Workers start manufacturing at a shoe factory in China. Workers are required to wear masks and measure their body temperatures twice a day. (Photo: Chinese News)
Employment difficulties, logistical disruptions, and the ongoing spread of the coronavirus pandemic will continue to cast shadows on the world's footwear industry, and industry insiders predicted that trade volume may fall by 50 percent in South China's Guangdong Province, the largest shoe production hub in China.
"The resumption rate of Guangdong shoe factories is at 60 percent on average now," Zhang Wenfu, secretary-general of the Guangdong provincial committee on shoemaking standardization, told the Global Times, adding "the supply chain has not fully recovered." Meanwhile, a lack of new overseas orders has created uncertainties for the shoe producers in the region.
"There were some foreign trade orders before the Chinese New Year, but very few these days," Zhang said.
Guangdong accounts for half of the country's shoe exports, with East China's Fujian and Zhejiang provinces accounting for the rest.
"The profit of the shoemaking sector is not high. After the epidemic, the profit will drop by at least 30 percent and the export volume of Guangdong's shoe industry will decline by 50 percent," Zhang said.
In recent years, some brands, such as Nike and Adidas, have shifted their production to countries such as Vietnam where the production costs, labor costs, and environmental standards are comparatively low, said Zhang, adding that the impact of the virus outbreak might prompt some foreign trade orders to move abroad.
Lu Qinlai, general manager of Wenzhou Bomei Shoes Co, which only handles only foreign trade, told the Global Times that even if most of his employees have returned to work, the lack of foreign trade deals has made him worried.
Lu's company produces about 2 million pairs of shoes for export per year, with the total value reaching more than $10 million. Half of his clients are from Europe and the others are from the US.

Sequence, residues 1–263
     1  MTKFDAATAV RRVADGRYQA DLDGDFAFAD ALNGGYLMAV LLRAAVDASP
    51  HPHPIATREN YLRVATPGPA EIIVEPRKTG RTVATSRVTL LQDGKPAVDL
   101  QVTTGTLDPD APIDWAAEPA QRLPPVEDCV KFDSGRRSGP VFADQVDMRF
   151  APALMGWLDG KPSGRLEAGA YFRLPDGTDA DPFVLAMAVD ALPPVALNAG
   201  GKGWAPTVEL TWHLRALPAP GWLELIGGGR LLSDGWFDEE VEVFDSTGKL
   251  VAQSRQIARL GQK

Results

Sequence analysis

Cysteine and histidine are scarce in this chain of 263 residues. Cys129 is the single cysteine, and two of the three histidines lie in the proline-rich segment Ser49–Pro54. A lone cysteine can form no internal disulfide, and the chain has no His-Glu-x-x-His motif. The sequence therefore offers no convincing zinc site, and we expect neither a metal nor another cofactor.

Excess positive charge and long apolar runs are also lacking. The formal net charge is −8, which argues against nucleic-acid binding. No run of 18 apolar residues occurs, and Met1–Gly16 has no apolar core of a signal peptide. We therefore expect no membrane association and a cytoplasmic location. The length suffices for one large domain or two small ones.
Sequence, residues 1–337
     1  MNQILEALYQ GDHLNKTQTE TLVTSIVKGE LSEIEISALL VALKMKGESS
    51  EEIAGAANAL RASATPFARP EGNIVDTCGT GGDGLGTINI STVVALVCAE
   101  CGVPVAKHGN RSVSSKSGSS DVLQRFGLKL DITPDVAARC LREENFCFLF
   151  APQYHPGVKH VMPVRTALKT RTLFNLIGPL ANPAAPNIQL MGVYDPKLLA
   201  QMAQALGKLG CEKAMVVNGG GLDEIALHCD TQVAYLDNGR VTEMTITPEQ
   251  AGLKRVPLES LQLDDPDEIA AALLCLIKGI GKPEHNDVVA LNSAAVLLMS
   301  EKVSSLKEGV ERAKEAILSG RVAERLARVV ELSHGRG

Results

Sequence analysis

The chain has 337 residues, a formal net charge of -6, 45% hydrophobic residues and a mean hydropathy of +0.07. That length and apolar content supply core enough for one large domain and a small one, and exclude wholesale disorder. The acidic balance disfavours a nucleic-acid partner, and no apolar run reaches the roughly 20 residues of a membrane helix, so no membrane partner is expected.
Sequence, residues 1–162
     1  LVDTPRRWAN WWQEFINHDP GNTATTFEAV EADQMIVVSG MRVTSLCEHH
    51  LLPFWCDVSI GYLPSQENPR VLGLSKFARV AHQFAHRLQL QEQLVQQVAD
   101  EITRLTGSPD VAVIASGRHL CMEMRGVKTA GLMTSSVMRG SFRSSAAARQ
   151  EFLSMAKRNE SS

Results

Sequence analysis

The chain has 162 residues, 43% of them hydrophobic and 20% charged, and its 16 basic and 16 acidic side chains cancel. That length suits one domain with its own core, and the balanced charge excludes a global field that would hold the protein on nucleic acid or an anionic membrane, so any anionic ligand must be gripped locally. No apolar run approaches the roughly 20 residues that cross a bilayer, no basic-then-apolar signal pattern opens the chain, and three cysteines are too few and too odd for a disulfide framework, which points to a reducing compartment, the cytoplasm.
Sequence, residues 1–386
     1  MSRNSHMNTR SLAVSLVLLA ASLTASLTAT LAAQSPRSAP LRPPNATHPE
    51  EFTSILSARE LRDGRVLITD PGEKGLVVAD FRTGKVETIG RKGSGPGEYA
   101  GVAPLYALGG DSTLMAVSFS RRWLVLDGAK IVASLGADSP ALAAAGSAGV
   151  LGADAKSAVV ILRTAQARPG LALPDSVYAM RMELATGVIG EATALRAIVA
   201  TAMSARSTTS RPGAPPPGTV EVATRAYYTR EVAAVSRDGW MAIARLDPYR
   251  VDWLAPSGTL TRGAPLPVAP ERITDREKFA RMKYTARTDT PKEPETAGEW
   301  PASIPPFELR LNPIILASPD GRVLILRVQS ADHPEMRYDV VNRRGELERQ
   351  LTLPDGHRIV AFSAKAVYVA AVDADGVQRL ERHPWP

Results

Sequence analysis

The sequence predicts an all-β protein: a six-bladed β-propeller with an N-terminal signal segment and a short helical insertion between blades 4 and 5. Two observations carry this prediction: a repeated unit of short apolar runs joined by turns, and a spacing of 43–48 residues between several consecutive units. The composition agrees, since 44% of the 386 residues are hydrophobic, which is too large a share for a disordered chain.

However, due to the disruption of the supply chain and growing uncertainty of the outbreak overseas, there are few new orders coming from abroad these days.
Jinjiang, the city where Lu's factory is based, is renowned in Fujian for producing shoes. Yet, the pandemic has disrupted the city's plan to hold its biggest annual expo for foreign trade goods including shoes, which is now postponed and may even be canceled.
A manager surnamed Wu, from the Jinjiang Association for the Promotion of International Trade Expo, told the Global Times that the organization had been expecting 2,300 booths this April, around 750 for shoe producers.
"Our shoe industry relies on foreign trade, but at present, many domestic exhibitors are not sure whether they can participate or not, and foreign traders cannot come here," Wu said, adding that the group is now considering to host the fair online instead.
He Wenyi, executive director of the China Institute for Sports Value at Peking University, told the Global Times that the coronavirus outbreak may have an impact on Chinese shoe producers with some foreign deals shifting to other countries.
"Despite some disruptions around the world, China's advantages of shoemaking are still here in the whole industrial chain from raw materials to production techniques," he said, adding that up to 70 percent of the world's shoes are made in China.
"China has been the world's largest shoe producer for decades with mature production and supply chains in place that cannot be replaced," He said.
According to statistics from the China Leather Industry Association, China exported 9.54 billion pairs of shoes in 2019 - up 0.1 percent year-on-year, with an export value of $44.95 billion, growing by 1.1 percent. China's shoes exported to the US accounted for 16.8 percent of the total in volume and 25.3 percent in value, meaning the country is still the largest destination for China's footwear exports.